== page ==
Behind Valve's Greenlight and Early Access programs: bad games, minimum transparency

By Jos ยท 4 replies
Mar 24, 2016
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  1. These days, it seems like Valve will let just about anything on Steam. Programs like Greenlight and Early Access make it easier than ever to get a game on the preposterously popular PC storefront. Some of these games are very bad. How does this happen? What is the process actually like?

    Most developers have to get on Steam through Greenlight, which, in theory at least, lets good games make it to Steam through user votes. It’s also the least consistent way of getting a game on the service. Greenlight allows developers to create Steam store page-like listings for their games that can include a trailer, screenshots, a game description, comments, and a discussion section.

    Valve doesn’t have the time or manpower to hand-select every game that gets onto Steam. The goal of Greenlight is to crowdsource that process. The hope is that a game will get enough votes to make it into the top 100, where most games have a pretty realistic shot of getting welcomed into Steam’s gated community.

    Read the complete article.

  2. Cycloid Torus

    Cycloid Torus Stone age computing. Posts: 3,025   +665

    Steam's Game Selection Wizards' Cabal meets every fifth Tuesday when there is a full moon. At this time, they consult the entrails and vote (using darts and targets) with selections announced as soon as somebody remembers to do that.

    It's nice to have a little mystery in life.

    Nice article!
    Uncle Al likes this.
  3. hahahanoobs

    hahahanoobs TS Evangelist Posts: 2,046   +680

    Steam isn't the only ones to blame for this. There are some shady devs out there deleting comments, asset flipping, releasing unfinished and buggy games while trying to charge triple A prices.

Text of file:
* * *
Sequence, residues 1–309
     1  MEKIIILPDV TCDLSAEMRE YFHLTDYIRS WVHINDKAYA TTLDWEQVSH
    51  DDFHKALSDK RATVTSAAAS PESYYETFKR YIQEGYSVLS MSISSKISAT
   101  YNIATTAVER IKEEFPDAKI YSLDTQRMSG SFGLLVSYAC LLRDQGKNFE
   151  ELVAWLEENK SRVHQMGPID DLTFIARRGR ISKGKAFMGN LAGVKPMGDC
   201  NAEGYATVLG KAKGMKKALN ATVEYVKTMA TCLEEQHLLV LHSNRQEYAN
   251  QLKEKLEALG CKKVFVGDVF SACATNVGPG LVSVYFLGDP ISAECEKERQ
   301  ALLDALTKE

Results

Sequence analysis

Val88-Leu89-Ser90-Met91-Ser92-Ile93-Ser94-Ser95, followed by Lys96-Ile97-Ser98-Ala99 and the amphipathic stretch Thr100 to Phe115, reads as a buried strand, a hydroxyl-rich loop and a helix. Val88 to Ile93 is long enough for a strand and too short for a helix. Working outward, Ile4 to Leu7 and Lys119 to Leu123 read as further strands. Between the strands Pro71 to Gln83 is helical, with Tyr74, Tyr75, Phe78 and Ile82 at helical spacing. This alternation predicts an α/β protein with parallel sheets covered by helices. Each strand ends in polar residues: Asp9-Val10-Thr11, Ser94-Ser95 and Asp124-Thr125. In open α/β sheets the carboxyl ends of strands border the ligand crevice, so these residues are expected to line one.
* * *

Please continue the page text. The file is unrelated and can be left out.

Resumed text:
I'm still amazed at how the gaming industry continues to get away with what they do, and how they treat their customers. It's because of them that I stopped pre-ordering.
    DjKraid and Uncle Al like this.
  4. Uncle Al

    Uncle Al TS Evangelist Posts: 3,355   +2,005

    Well, having a $100 entry fee certainly doesn't do much for keeping out bad games, especially when you consider the potential earning power of a good or just decent game. The actual fee needs to be much higher, say $10,000 with provisions that the fee will be refunded through attrition, say at the rate of $1 per game sold and downloaded. In the long run it will help and will also prevent those companies that are poorly funded from taking advantage of the buyers ... or at least slow them down. Steam would have some insurance against games that simply flop and a bit more assurance of the game continued sales and eventually profitability for themselves as well as the producer. It would also give the buying public a better assurance of getting a higher quality product.
  5. cliffordcooley

    cliffordcooley TS Guardian Fighter Posts: 9,738   +3,706

    I think they need a ratings system to categorize the quality of the game. I'd love to see a mind teaser rating in an RPG.

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